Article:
A Perfect World

Laura Dern

Directed by Clint Eastwood
Rolling Stone: star rating
5 0
Community: star rating
5 0 0
November 24, 1993

Clint Eastwood, as Texas Ranger Red Garnett, teams up with Kevin Costner, as escaped convict Butch Haynes, for a gripping manhunt circa 1963. Though both stars have won Oscars for directing, Eastwood grabs the reins and draws Costner's scrappiest performance since Bull Durham. Butch takes a hostage in fatherless, 7-year-old Phillip (T.J. Lowther) and shows him stuff to fry the nerves of his mother, a Jehovah's Witness. How do guns and grand theft qualify as fun? Butch, also from a broken home, makes a charming and dangerous teacher.

Red, who sent Butch away as a juvenile, pursues his man in a trailer where he can trade insults with his deputies and a sexy criminologist (Laura Dern). Eastwood is in rare form, but it's his keen directorial eye that stops the John Lee Hancock script from slipping into TV formula. Eastwood keeps the action raucous, the humor sharp edged and the focus on the lost boy in Butch, whose attack on a black family spins the film into a shattering climax that indicts the legal system for helping to make career criminals of kids. In going beyond chase-yarn duty, Eastwood and Costner do themselves proud.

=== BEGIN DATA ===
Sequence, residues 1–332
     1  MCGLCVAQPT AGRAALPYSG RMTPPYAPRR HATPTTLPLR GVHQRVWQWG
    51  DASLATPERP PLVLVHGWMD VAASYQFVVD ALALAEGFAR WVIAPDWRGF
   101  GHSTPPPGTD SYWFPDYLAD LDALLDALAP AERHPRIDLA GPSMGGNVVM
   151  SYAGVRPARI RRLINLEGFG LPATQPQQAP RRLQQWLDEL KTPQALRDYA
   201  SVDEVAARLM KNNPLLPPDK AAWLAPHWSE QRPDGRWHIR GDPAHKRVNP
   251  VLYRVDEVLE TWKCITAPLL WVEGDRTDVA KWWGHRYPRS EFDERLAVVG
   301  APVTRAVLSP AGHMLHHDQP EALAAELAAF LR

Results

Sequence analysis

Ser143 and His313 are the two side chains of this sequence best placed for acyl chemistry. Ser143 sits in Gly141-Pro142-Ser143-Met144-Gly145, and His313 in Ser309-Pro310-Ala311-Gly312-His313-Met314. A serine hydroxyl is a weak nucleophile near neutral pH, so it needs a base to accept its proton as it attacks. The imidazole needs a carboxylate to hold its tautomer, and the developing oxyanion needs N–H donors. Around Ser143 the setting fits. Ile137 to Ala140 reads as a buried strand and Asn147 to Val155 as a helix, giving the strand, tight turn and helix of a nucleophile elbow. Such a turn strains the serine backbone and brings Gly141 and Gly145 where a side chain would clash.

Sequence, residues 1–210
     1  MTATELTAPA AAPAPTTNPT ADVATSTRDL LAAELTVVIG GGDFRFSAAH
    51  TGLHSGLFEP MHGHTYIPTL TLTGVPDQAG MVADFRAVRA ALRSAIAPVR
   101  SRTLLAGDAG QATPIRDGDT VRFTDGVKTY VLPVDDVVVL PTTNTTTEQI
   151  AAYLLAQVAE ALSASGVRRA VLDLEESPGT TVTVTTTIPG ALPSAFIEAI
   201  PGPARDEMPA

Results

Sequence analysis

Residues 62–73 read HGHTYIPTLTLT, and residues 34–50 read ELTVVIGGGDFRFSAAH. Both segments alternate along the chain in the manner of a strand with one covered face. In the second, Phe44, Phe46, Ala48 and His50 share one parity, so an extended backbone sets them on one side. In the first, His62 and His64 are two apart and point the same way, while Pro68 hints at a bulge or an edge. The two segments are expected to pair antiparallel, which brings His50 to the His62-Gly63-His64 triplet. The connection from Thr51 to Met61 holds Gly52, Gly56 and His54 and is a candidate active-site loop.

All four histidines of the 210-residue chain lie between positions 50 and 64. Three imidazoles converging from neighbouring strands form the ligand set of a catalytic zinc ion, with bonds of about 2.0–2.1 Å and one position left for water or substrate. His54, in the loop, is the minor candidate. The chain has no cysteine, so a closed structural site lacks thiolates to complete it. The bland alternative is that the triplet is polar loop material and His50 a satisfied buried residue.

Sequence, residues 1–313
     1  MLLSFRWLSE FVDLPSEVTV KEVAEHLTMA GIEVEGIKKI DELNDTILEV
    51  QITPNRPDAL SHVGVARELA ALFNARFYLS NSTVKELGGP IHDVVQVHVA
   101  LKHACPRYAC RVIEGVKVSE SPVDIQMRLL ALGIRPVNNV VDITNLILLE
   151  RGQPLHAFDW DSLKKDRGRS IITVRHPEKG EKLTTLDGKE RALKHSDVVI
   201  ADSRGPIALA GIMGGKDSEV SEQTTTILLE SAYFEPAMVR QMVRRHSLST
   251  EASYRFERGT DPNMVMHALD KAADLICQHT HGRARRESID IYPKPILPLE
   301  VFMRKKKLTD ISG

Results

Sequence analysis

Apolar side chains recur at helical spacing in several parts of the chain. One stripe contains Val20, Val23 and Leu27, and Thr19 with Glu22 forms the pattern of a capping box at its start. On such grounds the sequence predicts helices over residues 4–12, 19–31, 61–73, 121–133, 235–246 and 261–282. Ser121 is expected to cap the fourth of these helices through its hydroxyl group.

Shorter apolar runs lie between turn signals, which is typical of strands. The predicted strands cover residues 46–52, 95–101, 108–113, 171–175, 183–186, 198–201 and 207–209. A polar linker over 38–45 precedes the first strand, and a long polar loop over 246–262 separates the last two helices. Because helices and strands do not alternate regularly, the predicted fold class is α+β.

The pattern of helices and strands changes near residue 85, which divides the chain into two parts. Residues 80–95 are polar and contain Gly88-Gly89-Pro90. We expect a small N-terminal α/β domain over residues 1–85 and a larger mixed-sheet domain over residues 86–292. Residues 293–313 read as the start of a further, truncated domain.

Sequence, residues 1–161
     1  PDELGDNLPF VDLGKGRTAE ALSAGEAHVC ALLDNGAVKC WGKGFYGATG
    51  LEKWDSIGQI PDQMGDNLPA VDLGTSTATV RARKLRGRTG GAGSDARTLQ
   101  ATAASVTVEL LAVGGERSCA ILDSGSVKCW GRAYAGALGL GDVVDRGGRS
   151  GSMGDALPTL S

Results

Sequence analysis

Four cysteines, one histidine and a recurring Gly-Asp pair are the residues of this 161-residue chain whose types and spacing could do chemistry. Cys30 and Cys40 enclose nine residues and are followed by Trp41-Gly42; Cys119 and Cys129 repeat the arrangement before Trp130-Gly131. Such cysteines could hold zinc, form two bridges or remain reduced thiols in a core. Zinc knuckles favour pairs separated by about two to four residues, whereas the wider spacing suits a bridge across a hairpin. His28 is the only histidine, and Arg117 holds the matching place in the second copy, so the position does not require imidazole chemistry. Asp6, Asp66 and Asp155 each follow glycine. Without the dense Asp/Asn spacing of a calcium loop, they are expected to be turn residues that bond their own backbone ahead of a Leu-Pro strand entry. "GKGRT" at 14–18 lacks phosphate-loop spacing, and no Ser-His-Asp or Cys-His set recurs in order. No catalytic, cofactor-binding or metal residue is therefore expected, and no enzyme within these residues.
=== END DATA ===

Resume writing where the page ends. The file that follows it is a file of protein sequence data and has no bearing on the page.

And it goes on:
Movie Review Main Next


Community Guidelines »
loading comments

loading comments...


Sort by:
    Read More

    Movie Reviews

    More Reviews »
    Around the Web
    Powered By ZergNet
    Daily Newsletter

    Get the latest RS news in your inbox.

    Sign up to receive the Rolling Stone newsletter and special offers from RS and its
    marketing partners.


    We may use your e-mail address to send you the newsletter and offers that may interest you, on behalf of Rolling Stone and its partners. For more information please read our Privacy Policy.

    Song Stories


    The Commodores | 1984

    The year after soul legends Marvin Gaye and Jackie Wilson died, songwriter Dennis Lambert asked members of the Commodores to give him a tape of ideas. "And the one from Walter Orange has this wonderful bass line," said co-writer Franne Golde. "Plus the lyric, 'Marvin, he was a friend of mine' ... Within 10 minutes, we had decided it should be something like a modern R&B version of 'Rock 'n' Roll Heaven,' and I just said, 'Nightshift.'" This tribute to the recently deceased musicians was the band's only hit without Lionel Richie, who had left for a solo career.

    More Song Stories entries »